Why Do We Need Oxygen?
Humans breathe approximately 432 liters of oxygen per day, and that oxygen helps the tissues in the human body function properly. The body needs approximately 352.8 liters of oxygen per day when the body is at rest.
Humans need oxygen to provide nutrients to all of the cells in their bodies. If tissues and cells go without oxygen, then they begin to die quickly. For example, brain cells can only go without oxygen for three minutes before they begin to die. After three minutes of no oxygen, permanent brain damage begins to spread throughout the brain's tissues.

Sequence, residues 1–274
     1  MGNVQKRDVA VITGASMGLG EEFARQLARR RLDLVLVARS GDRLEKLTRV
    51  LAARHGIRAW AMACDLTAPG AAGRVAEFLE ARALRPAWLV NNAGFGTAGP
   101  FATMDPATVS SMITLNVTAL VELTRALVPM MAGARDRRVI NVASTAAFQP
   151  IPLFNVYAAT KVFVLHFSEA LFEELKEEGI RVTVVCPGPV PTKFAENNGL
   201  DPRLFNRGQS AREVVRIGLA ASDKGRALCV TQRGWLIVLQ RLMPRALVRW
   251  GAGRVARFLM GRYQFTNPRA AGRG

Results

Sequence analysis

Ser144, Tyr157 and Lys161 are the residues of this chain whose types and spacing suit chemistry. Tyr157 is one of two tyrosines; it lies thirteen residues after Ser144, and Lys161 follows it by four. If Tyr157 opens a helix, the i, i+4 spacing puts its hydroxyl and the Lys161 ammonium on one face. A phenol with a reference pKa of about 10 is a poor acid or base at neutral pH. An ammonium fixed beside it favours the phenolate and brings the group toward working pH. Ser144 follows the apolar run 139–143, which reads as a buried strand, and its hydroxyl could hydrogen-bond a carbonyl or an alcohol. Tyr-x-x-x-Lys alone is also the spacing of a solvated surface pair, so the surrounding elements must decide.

The body also needs energy in order to function properly. The human body uses the compound ATP for chemical energy for all of its cells and tissues. Cells must synthesize the ATP that they need in order to function properly, and they do so through a variety of biochemical pathways inside the cell. Each cell in the human body has the ability to create ATP during aerobic periods and during anaerobic periods of time. During both of these periods in the body, cells utilize glucose to create molecules of ATP. One side reaction that occurs during the synthesis of ATP provides the body with excess hydrogen ions. These ions go to the mitochrondria in the cell and utilize oxygen from the air humans breathe to form electron transport chains that power the synthesis of ATP. Without oxygen, humans cannot synthesize enough ATP to keep their cells alive.